Page 8 December 6, 2018
Featured Pets of the Week
to cuddle even more. I’d be great for movie
nights or strolls in the park. All I want is
to be with you!” More info: https://spcala.
Twilight (19-01037): A 4-year-old domestic
shorthaired female cat
“I’m Twilight, a beautiful kitty who is
looking for a Friend for Life to go home
with. Come check meowt and I’m sure
you’ll fall for me. Who could resist my stunning
green eyes and adorable pink nose?”
More info: https://spcala.com/adoptable/
Penelope (19-01131): A 5-year-old female
Pit Bull mix
“I’m Penelope, a very sweet girl who loves
to cuddle and play with my toys. I can’t wait
to find my furrever home where I can be a
part of a family. Come visit me today so we
can be Friends for Life!” More info: https://
Provided by Meggie Hogan, Development
This adorable group of three dogs and one
cat will give those looking to adopt their
next pet some awesome options. Each of
them is available at the spcaLA South Bay
Pet Adoption Center at 12910 Yukon Ave.,
Hawthorne, CA 90250. To learn more, call
Batman (19-01842): A 1-year-old male
“Woof! I’m Batman! I’m a handsome and
smart guy who loves fetch and playing with
toys. I’m turning on the Bat Signal so I can find
my Friend for Life! Come fly by and see me.
We can save the world together!” More info:
Ralph (18-06588): A 7-year-old male
“I’m a sweetheart who wants to brighten
your day! I love to sit for treats, but I love
Your name is
the backbone of
make sure its a cut above the rest
DBAS PUBLISHED FOR ONLY $75.00
Email email@example.com or call 310-322-1830 for more information.
Charity Scams from front page
get past normal security checks. “The county’s
network security personnel are very effective at
defending the network and blocking malicious
internet traffic,” said Deputy District Attorney
Donn Hoffman of the Cyber Crime Division.
Dubbed Operation Election Overwatch, prosecutors
teamed with Internet security experts
at the county on a 10-day effort to detect and
prevent illegal attempts to access the county’s
computer networks. A five-member team of
cybercrimes prosecutors worked alongside
county security experts to identify the hackers
and build cases for prosecution, according to
the district attorney’s office.
The threat was considered so great that
federal intelligence gurus shared classified
briefings with elections officers, detailing
fears that Russian hackers would try to disrupt
another U.S. election. Senior District Attorney
Investigator Clint Dragoo said the heightened
concerns nationally about the integrity of election
systems prompted local authorities to put
more safeguards into place. “In the past, we
would respond if ISD security had something,”
Dragoo said. “We thought this year we would
take a little more of a proactive approach.”
The operation reviewed more than 400,000
suspicious access attempts that were blocked
by network defense measures over one week,
including 281,339 attempts on Election Day.
This was an expected uptick from the usual
traffic of mostly automated attacks.
The county’s digital security detail vigorously
monitors online traffic between county
networks and outside entities by using a variety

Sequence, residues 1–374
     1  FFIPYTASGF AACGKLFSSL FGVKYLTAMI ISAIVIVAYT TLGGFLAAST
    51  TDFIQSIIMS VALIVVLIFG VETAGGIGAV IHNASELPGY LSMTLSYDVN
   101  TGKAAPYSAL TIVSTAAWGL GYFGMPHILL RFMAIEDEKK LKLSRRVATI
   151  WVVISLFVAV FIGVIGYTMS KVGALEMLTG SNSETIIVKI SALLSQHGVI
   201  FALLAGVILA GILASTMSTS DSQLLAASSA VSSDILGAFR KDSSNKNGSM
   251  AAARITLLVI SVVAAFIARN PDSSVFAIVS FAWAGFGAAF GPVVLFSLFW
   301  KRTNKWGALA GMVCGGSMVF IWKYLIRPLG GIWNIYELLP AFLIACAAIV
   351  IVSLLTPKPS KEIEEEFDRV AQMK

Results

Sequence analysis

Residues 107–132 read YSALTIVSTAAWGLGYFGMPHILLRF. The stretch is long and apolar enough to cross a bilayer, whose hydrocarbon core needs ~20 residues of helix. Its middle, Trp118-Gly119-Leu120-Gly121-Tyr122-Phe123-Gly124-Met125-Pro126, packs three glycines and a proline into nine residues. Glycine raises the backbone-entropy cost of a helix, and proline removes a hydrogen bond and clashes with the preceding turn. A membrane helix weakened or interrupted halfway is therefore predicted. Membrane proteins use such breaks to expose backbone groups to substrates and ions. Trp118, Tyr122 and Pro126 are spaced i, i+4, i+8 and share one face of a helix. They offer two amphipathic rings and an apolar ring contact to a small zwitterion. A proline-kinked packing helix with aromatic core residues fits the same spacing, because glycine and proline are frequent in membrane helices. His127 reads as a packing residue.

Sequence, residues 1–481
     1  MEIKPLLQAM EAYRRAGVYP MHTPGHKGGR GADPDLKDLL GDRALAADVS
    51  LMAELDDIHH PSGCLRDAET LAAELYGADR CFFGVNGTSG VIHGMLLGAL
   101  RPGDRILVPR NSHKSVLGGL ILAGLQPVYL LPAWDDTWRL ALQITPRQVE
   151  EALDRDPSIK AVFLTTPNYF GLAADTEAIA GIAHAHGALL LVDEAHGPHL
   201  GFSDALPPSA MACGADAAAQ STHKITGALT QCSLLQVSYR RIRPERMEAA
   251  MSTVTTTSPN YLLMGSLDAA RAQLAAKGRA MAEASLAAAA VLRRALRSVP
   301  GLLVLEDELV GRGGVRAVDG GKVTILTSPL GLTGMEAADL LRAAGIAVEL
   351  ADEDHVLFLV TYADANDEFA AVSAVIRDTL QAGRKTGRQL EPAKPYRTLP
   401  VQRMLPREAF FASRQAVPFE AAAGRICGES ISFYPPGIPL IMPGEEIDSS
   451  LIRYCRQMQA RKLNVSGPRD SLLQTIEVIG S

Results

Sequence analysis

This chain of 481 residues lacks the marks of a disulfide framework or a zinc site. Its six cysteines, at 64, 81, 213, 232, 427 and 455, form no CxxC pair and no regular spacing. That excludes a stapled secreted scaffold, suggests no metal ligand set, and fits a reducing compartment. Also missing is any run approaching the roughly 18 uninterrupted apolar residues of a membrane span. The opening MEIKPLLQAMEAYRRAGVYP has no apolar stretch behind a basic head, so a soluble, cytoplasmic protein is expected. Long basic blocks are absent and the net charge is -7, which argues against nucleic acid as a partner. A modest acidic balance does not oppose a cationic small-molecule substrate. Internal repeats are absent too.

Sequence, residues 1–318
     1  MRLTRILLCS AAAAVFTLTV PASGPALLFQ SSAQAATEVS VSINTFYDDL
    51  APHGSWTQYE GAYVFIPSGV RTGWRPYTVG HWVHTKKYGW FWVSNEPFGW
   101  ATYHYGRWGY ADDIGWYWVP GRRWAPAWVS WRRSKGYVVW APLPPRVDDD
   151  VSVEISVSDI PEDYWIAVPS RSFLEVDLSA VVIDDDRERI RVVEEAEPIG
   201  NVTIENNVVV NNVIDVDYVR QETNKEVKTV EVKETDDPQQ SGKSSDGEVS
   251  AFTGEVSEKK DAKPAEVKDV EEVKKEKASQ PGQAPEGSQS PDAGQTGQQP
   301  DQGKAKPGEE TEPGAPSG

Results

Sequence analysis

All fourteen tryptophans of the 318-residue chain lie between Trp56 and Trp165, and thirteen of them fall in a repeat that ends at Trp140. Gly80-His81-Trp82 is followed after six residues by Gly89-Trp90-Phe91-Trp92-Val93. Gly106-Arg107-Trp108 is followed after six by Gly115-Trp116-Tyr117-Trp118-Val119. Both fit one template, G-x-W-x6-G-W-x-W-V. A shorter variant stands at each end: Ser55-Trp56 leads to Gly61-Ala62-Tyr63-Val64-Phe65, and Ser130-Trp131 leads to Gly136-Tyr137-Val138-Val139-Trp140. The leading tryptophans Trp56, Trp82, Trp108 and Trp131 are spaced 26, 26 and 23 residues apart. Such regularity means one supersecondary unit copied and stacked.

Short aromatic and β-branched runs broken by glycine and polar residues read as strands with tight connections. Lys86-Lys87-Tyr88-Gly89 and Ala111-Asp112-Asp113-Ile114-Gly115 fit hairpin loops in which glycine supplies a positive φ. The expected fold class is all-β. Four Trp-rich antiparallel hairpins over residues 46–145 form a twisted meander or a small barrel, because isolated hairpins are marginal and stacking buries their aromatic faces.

of measures to guard against hacking, denialof
service attacks and data theft, according to
Deputy DA Hoffman, one of the prosecutors
assigned to the operation.
The team intensified its review of suspicious
network activity and was able to quickly investigate
to determine the locations and identities
of the cyberattackers and other suspicious activity
on the network, officials said. Investigators
suspect that the hackers used computer networks
owned by unsuspecting third parties to avoid detection,
Hoffman said. The DA’s office contacted
and alerted them to the potential compromise.
The DA’s office did not reveal whom it believes
was responsible for the massive cyberattack last
month, or whether any of the computer systems
used were located in Russia. The office said it
forwarded its findings of the investigation to
the Federal Bureau of Investigations.
Mere days after the election, wind-driven
wildfires burned close to 100,000 acres near
Malibu and Ventura County. Hundreds of homes
were destroyed or damaged, sending people
fleeing in the middle of the night. With the
flames out and the recovery effort underway
for the displaced residents of Thousand Oaks,
Agoura Hills and Malibu, there is a new threat
of bogus first responder charities.
Officials say to expect unsolicited phone
calls asking for donations to help the victims
of the Woolsey and Hill fires. Many of these
charities will use names that sound legitimate.
However, local prosecutors warn residents to
ask questions to avoid getting scammed.
Charity scams claim to represent organizations
that benefit police, firefighters or other public
safety personnel. But the dishonest ones don’t use
the funds the way they promised. “Others may
not be legitimate charities at all,” the DA cautions
and offers a few suggestions for not being duped.
Look into an organization before sending money.
Charities that disclose how they spend their
money have nothing to hide. A donation should
be tax-deductible, so ask. Never donate in cash
or gift cards. Do some research about charity
using a public-search tool at rct.doj.ca.gov.
Investigate a little before writing a check or
texting a donation to help first responders or
displaced residents of the Woolsey or Hill fires
-- or a holiday charity, officials recommend. “If
you’re looking for a way to help those in need, do
some research to ensure that your donation will
go to a reputable organization that will use the
money as promised,” says a charity watch message
posted by the Federal Trade Commission. •